The lady approached me in the grocery store parking lot with a friendly smile.
“Hello,” she said.
“Hello,” I replied, only slightly curious as to why a complete stranger would stop to chat. After all, I had about a million and one things to do and idle chitchat didn’t head that list.
I began shoving my groceries in my car.
“I knew you when you were a girl,” she said. Her words caught me off guard and I carefully placed a bag of potatoes in the back seat and turned to face her.
“You did?” I said, viewing her with renewed interest.
“Yes, we lived right next door?”
Groceries forgotten, I did my best to place her in my head, but, I’m sad to say I simply could not.
I was, after all, painfully young when I left that tiny one-street town that boasted only a handful of houses, a white clapboard church, a couple of stores and a post office.
I had, in fact, only reached the tender age of 15.
I left because I had become an orphan, which sounds rather awful, and, if the truth were known, it truly was, even though there were, in fact, six of us in my family who had acquired that recently attained status.
I was, however, the youngest and probably not quite ready to set up housekeeping for myself.
The move was quick, but not painless. In fact, it caused great emotional turmoil and sadness both on my part and on the part of my dear siblings.
Youth, however, brings with it remarkable resilience. I discovered that, even outside of the safe and secure confines of everything I had ever known, and away from the dear hearts and gentle people of my hometown, I could survive.
And I did.
But, sometimes I think about those days and the way we were and the memories are kind and gentle, like a soft breeze or a sleepy brown river, playing at the edges of my mind.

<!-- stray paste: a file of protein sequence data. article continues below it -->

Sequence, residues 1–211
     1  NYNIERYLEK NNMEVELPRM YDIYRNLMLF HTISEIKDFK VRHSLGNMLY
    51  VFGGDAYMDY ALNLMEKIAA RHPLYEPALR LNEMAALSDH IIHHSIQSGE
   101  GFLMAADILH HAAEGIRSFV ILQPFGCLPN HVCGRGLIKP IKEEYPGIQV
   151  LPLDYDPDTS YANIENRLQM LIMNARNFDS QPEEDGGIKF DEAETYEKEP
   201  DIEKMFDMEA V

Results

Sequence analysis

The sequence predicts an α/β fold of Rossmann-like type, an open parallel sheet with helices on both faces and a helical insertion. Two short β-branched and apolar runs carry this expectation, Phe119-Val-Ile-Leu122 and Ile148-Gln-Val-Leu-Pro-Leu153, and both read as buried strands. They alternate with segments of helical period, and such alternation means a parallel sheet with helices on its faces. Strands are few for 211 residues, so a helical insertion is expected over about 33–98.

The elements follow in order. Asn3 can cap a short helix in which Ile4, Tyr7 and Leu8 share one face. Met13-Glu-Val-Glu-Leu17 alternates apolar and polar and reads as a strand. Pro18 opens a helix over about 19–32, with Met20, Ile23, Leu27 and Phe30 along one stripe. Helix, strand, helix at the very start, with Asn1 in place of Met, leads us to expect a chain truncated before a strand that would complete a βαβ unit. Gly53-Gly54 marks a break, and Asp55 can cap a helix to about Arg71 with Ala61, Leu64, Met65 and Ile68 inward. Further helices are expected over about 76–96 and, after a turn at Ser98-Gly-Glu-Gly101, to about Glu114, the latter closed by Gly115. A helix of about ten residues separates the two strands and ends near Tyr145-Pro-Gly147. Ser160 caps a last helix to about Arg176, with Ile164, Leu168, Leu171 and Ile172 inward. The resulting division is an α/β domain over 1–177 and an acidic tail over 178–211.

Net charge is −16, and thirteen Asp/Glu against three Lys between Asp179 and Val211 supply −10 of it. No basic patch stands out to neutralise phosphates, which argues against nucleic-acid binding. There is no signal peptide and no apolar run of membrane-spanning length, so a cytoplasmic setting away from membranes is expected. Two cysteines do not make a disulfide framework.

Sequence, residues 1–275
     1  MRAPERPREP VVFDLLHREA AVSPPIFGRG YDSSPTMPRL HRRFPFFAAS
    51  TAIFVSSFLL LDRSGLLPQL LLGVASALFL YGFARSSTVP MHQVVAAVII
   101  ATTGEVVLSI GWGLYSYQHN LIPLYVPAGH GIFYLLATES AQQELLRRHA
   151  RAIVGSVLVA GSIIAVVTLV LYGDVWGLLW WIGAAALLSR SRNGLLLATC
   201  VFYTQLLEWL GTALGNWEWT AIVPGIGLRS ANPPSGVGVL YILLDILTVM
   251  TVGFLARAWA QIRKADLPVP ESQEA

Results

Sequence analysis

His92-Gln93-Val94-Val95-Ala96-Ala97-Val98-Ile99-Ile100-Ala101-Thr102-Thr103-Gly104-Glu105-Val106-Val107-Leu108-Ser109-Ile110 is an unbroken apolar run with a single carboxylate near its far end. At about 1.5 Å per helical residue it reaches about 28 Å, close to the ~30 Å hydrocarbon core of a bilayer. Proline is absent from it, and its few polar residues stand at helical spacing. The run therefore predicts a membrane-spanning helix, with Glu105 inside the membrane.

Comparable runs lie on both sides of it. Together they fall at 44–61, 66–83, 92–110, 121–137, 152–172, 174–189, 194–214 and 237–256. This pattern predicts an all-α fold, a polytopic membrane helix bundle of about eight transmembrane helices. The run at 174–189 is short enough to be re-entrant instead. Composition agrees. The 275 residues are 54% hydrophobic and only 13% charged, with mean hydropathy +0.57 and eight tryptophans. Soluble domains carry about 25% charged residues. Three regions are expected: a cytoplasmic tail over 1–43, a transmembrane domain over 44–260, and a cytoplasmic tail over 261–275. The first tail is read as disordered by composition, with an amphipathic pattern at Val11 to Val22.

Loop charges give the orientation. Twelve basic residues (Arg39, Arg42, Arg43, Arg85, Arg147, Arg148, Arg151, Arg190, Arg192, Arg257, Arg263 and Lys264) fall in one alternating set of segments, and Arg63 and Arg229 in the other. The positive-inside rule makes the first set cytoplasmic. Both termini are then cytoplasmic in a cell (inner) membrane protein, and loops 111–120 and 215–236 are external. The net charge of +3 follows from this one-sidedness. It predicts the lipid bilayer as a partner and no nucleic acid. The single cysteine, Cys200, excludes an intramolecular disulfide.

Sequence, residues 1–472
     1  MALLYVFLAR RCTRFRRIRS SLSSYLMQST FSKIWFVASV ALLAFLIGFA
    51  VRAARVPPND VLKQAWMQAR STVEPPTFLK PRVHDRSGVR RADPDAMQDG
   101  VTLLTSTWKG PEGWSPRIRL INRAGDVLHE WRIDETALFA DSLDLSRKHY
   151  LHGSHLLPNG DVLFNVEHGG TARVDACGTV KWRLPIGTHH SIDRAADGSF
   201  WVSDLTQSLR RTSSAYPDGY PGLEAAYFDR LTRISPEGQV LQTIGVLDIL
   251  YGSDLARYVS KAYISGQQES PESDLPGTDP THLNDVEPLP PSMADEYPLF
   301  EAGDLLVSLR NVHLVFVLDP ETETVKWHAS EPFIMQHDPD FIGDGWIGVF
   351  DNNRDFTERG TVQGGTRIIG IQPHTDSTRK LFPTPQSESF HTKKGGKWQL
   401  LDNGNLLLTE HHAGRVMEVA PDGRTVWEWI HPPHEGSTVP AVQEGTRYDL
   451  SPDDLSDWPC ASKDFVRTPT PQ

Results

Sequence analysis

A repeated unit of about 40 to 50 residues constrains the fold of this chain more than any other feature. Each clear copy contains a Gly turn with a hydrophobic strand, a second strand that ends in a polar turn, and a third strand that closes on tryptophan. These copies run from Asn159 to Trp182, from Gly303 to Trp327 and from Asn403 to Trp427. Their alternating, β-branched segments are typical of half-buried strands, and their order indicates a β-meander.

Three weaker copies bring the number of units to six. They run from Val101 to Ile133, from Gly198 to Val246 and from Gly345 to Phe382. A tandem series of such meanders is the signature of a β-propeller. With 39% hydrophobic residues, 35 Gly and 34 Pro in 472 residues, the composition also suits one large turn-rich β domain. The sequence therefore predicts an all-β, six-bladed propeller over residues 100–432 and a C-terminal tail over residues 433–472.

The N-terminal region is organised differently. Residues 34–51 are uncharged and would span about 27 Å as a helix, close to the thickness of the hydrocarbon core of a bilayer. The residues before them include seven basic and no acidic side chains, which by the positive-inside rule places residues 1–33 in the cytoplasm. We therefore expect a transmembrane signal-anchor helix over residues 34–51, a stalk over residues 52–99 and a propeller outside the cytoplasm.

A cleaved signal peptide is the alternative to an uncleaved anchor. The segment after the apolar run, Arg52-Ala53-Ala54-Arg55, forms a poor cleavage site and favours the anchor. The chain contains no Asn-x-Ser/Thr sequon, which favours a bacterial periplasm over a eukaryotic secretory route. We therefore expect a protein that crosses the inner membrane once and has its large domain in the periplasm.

And even though I am a grandma now and many of those dear hearts and gentle people, including my father and two of my very own dear brothers are sleeping in the little cemetery nearby, I remember.
I remember moments. I remember the way the sun set in the west meaning my brother and I had to end our fierce and competitive ball game, which, more often than not, took place in the front yard with an old poplar tree serving as first base.
I remember the pale yellow glow of the streetlights and the day I carefully placed my initials in the newly poured cement sidewalks.
I remember my dad and long days of fishing and singing with him in a very old car with a golden haired dog named Smokey riding along with us.
I remember the piano, standing stately and tall in an otherwise cluttered living room, not softened by curtains or doilies or rugs and the cold feel of the worn linoleum on the soles of my bare feet. I remember the pump by the old town hall where we got our water and the way it sloshed over the sides of the water pail if you filled it too full.
I remember the wooden steps and the flowers that somehow managed to survive despite lack of care or attention and the rhubarb patch that grew like crazy, probably because we threw our potato peelings on it.
I remember the taste of new potatoes. I remember the old church with its wooden pews and the huge sign at the front that said “turn back to your bible for the answer.’
Looking back, I discover I remember so much and for that, I am, and always will be, grateful.
And I’m also grateful to one day run into a complete stranger who took the time to smile and to chat and to tell me she knew me once, a long time ago, when I was but a girl.
Treena Mielke is the editor of the Rimbey Review.